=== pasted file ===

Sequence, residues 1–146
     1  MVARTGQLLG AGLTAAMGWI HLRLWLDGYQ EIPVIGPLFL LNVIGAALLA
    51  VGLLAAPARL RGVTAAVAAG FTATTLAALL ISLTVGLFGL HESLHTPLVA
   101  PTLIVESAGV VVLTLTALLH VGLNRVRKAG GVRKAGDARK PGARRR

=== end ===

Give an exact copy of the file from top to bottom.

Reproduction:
Sequence, residues 1–146
     1  MVARTGQLLG AGLTAAMGWI HLRLWLDGYQ EIPVIGPLFL LNVIGAALLA
    51  VGLLAAPARL RGVTAAVAAG FTATTLAALL ISLTVGLFGL HESLHTPLVA
   101  PTLIVESAGV VVLTLTALLH VGLNRVRKAG GVRKAGDARK PGARRR